At the beginning of the story, Roen’s life is as dull and depressing as Neo’s before he left the Matrix or Wesley’s before he joined the Fraternity of assassins. His life was the way it is not because he isn’t capable of transforming his life for the better, but because he’d long since given up on believing in his own potential—believing that he can be anything other than a disappointment. He spends many of his days in a toxic haze of drunkenness and listlessness and bloatedness. And when he’s at work, he complains about what could have been. He doesn’t like his job as an IT technician—he thinks he could have been a lawyer or an engineer, jobs that seem more interesting and fulfilling in his eyes. Except he has rent to pay. And a cat to feed. He can’t afford to do anything drastic, right? But, deep down inside, he knows the real reason is that he just doesn’t have the guts to start afresh. Everything, down to the Making of Excuses is something I am 100% guilty of doing, too. At some point Tao tells Roen that the reason Roen didn’t make something more of himself was because he “always quit before things get hard”. After reading those parts, I sank into my comforter shamefully, thinking, “That sounds so much like me!”

Needless to say I was very eager to see Roen transform into the butterfly I knew he had in him.

When Tao enters the picture, Roen has the opportunity to embrace a new destiny—a destiny that is much harder to attain but lets him see the world with a perspective that few have a chance to see and experience life in a way that few have a chance to experience. After all, the only way he can really see his own boundless potential and truly empower himself is to test his mettle against the toughest challenges out there. And Tao is more than ready to help him with that—Roen just has to commit to that path.

Cue The Final Countdown as Roen runs and lifts and diets his way to a new self.

And the whole way up contains plenty of opportunities for Wesley Chu to crack me up. I totally dig his brand of cheeky humor!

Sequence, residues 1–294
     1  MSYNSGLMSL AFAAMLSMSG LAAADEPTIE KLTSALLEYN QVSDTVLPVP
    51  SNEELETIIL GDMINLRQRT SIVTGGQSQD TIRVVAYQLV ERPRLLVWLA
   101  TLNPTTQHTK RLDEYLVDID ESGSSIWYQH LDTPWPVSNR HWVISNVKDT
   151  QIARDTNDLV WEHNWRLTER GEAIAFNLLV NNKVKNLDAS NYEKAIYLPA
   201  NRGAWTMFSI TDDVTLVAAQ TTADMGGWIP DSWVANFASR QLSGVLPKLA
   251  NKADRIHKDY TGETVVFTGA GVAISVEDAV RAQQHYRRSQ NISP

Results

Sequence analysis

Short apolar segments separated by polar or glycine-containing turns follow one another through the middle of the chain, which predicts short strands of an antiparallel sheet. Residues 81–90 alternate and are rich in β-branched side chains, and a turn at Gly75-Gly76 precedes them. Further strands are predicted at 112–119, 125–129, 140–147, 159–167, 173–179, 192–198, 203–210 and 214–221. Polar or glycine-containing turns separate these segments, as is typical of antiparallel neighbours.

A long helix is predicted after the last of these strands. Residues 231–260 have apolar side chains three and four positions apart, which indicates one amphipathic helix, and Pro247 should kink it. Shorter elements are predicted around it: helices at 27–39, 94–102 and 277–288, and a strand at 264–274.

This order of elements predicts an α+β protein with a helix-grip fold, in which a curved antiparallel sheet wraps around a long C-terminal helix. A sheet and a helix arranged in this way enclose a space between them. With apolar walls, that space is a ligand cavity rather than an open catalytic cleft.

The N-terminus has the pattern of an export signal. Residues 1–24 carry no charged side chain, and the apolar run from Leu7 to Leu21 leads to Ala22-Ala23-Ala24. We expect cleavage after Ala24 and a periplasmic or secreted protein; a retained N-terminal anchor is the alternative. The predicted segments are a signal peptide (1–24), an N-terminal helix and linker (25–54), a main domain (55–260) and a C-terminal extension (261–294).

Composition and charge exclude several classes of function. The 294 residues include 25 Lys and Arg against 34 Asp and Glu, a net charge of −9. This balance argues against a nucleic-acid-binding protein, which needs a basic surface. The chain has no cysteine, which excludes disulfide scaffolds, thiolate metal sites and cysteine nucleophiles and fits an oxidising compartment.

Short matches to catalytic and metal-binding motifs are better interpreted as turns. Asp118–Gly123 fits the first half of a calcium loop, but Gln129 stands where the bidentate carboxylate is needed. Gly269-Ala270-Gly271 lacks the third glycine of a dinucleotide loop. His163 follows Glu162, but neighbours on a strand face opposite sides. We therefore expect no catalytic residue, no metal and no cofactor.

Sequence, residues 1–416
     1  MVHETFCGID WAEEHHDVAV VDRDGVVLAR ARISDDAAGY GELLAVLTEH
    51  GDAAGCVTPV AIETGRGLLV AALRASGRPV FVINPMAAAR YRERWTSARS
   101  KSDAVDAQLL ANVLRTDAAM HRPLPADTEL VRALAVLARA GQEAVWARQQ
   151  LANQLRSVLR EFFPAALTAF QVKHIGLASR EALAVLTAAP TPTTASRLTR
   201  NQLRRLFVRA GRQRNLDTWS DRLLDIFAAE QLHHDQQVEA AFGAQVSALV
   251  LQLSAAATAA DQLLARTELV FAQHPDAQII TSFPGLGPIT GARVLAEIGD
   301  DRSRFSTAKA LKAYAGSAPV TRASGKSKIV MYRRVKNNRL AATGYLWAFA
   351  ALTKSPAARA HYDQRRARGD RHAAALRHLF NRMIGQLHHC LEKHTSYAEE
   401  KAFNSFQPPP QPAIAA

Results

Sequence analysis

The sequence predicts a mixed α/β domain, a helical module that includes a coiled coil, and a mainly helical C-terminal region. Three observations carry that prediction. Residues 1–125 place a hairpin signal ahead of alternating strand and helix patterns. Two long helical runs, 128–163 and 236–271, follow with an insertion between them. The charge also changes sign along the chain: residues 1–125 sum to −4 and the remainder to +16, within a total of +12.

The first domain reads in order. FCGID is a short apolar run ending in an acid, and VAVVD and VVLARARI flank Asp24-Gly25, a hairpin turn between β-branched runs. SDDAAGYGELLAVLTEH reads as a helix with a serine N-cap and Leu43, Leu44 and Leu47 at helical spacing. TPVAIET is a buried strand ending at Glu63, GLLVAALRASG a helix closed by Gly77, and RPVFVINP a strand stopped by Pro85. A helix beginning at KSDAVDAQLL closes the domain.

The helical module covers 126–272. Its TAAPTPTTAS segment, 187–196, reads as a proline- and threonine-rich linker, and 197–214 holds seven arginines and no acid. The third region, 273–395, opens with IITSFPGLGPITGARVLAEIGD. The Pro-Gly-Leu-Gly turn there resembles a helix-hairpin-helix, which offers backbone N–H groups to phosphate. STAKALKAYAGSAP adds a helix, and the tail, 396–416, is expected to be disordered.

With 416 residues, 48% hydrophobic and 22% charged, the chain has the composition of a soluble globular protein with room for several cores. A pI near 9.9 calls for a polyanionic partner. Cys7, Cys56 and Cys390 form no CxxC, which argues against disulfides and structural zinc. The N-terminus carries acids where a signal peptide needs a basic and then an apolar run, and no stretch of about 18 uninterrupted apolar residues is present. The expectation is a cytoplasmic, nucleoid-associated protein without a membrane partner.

Roen is endearingly bumbling and inept compared to the infinitely more capable and experienced Tao. Tao’s moments of exasperation and gentle patience for this young grasshopper color the story with entertaining banter. Roen’s everyman struggles to become “superman” as well as his overestimation and underestimation of his abilities provide lots of material for jokes and quips from both parties. Under Tao’s tutelage, Roen can, indeed, become a super suave agent if he wants to. But, more often than not, he’s just uncoordinated and awkward Roen.

There are so many scenes where I could almost picture Tao face palming.

Underlying all of these more light-hearted parts of the story is a growing darkness as enemies encroach on Tao. Roen must put his training into good use or die—or worst yet, see those he cares about in danger. There is a lot of the typical tension secret agents have to face when it comes to balancing their secret identities with the “normal” lives they lead. Except Roen’s pretty atypically horrible at keeping the two separate. The story certainly had me biting my nails and groaning every time Roen went against Tao’s better judgment and did something a secret agent should never do!!

Amidst all the action and humor, there is also plenty of room for philosophical discussions, Themes such as the morality of sacrificing the few for the many, whether conflict is necessary for humanity to innovate, where to draw the line when making war to build peace, and much more provide depth to the story and food for thought. And interspersed in the story are bits and pieces of history as told from the point-of-view of the Quasing. I was very amused to find out that Galileo only discovered that the Earth rotated around the sun because a Quasing told him (what about Nicolaus Copernicus, though?).